An evening of theatre which was to be an enjoyable night out, turned into an evening of self-discovery for my friend and I. We didn’t know what we were getting ourselves into, except that the show looked interesting. I became optimistic when the show started with “Rocket Man” by Elton John. I love that song, so I instantly felt I would be in good hands. It turned out to be I was in good hands. As they were playing the played “Rocket Man,” I began jamming out.
The show we saw was titled “Rocket Man” produced by Theatre Pro Rata. As we walked into the theatre it was like an attic with stuff all around the stage. I can’t even begin to imagine the nightmare it must have been for the stage manager to pull together all those prop pieces. Because there were only five people in the cast, it was a tight-knit ensemble. This closeness was evident in the performance. My congratulations to the set designers, props masters, and cast on this show. Each member of the cast held their own and it was evident that each cast member enjoyed their role.
The five-person cast did an amazing job of presenting the life of Donny, the main character who wants to escape life and run away. Have you ever wanted to run away from life? With the snow we have been having in April, I have. Plus, I live with chronic pain and deal with pain daily, I often want to run away from life. What about you? Has there been a stressful time when you needed to just get away?
Like Donny, I have a way to escape. Those who know me well know I love escaping to Disney World. I go to Disney because it is the most disability friendly place, a place that gives people with disabilities an equal chance. Sometimes we are even treated better than the regular crowd, by getting priority in the lines. For me, it is a magical experience. When you live with pain, it is amazing to go somewhere you are treated like royalty.
One line that really struck me in Rocket Man “here’s my life, make an offer.” This is not a common theme. The play also addressed writing your own obituary and confronting you own reality. Buck, Donny’s friend, asked what he would say in his own obituary if he wrote it. Those words struck a chord with me. What would I write in my own obituary? Yes, it might be morbid, but also mind opening.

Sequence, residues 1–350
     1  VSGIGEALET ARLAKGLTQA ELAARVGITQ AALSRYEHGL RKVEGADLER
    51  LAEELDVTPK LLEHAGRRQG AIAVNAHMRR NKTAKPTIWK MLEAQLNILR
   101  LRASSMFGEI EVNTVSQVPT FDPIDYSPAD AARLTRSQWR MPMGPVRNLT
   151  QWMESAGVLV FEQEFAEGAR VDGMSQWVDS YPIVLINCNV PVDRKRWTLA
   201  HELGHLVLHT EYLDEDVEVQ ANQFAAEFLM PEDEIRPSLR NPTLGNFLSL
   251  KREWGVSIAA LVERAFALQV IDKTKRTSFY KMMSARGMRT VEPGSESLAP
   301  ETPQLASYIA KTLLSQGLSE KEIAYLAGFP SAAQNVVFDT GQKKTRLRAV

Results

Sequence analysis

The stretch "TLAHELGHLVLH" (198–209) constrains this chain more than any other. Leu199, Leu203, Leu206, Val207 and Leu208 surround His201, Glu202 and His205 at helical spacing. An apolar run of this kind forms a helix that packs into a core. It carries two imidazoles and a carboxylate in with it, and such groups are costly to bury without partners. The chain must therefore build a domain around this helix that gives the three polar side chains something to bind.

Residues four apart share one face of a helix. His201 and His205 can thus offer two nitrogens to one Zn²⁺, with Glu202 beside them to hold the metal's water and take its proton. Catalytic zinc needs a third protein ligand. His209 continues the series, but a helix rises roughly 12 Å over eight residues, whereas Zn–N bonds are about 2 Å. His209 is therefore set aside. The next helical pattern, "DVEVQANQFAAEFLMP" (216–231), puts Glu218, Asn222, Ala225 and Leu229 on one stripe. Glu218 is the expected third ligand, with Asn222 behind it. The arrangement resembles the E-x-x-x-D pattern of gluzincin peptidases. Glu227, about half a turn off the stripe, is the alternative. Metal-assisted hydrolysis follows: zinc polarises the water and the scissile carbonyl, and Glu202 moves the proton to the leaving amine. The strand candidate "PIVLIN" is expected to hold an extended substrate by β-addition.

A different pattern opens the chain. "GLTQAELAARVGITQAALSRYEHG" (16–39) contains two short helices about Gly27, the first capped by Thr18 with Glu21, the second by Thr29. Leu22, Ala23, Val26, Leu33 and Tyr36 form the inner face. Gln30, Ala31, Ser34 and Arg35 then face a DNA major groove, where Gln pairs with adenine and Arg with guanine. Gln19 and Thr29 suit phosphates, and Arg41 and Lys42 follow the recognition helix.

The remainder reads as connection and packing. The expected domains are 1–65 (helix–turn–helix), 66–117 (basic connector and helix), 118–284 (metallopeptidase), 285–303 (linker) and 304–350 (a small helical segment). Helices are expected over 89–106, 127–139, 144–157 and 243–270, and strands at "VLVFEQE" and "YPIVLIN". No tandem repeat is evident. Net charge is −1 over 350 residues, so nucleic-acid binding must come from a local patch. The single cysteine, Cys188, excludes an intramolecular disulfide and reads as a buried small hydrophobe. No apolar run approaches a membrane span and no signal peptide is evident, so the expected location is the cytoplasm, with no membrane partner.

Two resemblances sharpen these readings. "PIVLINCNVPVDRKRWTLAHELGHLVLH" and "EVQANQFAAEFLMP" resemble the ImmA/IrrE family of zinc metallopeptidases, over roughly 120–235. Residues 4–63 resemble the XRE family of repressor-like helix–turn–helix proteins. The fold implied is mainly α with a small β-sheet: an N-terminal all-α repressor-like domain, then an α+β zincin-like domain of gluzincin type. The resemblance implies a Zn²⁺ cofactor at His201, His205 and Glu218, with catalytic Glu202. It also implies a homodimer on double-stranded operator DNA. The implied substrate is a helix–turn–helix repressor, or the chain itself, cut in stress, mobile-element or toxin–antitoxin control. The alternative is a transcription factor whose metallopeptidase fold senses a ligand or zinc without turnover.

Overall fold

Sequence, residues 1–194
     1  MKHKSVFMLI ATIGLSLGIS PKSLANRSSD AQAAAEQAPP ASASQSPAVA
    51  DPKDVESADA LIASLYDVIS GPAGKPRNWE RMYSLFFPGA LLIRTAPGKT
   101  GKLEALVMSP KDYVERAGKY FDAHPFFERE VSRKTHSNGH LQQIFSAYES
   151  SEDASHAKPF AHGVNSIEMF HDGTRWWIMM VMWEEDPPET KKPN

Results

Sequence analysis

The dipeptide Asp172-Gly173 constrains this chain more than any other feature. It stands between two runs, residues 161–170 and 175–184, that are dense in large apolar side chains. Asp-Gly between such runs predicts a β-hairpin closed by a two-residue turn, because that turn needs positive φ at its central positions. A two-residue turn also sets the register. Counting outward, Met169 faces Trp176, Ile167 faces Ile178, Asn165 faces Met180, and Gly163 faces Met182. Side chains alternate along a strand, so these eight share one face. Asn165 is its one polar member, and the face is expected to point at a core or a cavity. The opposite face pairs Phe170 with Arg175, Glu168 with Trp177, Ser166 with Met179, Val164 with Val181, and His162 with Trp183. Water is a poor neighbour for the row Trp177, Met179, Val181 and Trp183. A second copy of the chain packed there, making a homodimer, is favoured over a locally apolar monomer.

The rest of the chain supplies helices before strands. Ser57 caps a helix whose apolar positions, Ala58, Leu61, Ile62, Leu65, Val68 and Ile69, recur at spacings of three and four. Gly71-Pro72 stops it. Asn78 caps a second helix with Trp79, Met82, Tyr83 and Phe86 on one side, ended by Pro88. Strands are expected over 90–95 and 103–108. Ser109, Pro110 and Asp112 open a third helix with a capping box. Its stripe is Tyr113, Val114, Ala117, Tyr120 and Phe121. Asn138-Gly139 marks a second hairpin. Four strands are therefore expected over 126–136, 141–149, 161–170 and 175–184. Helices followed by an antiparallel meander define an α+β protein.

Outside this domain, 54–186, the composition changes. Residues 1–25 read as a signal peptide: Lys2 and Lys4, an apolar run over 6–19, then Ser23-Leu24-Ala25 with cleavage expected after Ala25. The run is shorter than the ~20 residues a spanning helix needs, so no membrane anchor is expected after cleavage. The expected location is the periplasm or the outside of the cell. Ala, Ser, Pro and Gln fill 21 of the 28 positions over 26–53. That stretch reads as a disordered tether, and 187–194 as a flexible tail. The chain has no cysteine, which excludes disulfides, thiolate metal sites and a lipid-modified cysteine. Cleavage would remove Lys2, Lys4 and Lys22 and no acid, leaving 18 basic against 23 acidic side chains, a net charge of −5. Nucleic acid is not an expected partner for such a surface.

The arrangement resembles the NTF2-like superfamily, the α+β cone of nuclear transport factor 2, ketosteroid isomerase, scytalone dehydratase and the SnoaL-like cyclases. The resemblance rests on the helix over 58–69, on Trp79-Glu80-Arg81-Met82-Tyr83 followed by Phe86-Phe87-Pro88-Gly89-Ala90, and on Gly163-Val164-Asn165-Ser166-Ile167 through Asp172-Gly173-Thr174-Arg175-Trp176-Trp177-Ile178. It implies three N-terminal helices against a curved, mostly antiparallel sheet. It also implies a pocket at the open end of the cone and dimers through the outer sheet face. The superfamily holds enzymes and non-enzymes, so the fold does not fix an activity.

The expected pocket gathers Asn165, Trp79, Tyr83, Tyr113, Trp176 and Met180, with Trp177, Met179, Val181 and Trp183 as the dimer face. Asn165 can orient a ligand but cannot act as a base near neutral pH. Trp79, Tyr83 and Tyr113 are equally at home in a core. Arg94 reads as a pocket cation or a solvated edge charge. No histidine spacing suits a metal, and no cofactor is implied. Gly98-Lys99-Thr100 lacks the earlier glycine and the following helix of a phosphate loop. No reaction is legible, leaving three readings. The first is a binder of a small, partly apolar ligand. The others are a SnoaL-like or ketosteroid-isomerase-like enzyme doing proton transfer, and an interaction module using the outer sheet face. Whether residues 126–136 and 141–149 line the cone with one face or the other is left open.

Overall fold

When I was five years old, doctors told me I would die in my teens. I was born with a rare medical condition called mitochondrial myopathy that at the time, and still to this day, doctors don’t know much about. As a young child, I would act out funeral scenes with my Barbie dolls. I would ask my mom when I would die. I remember when I was a teen thinking any minor illness could be my time. I remember being a ‘good’ child so that people would remember me in a positive way. Well, I have outlived that. I still want people to see me as a ‘good and positive’ person, but I look at the world differently.
So, what would my obituary say? I hope it would say that I lived a good life. I hope it would say that I contributed to society in a positive way. I hope it would say that I made a difference in people’s lives. While death could be any day for any of us, what would your obituary say?
The front cover of the program and flyer for the show displays a man. The man is dressed simply. He is looking into the mirror and sees himself as an astronaut. When you look into the mirror what do you see? Often, we don’t see what is actually there. Or do we? I often see myself as a strong woman, an artist, a teacher. We often remember the good stories and the stories we want to remember defining who we are.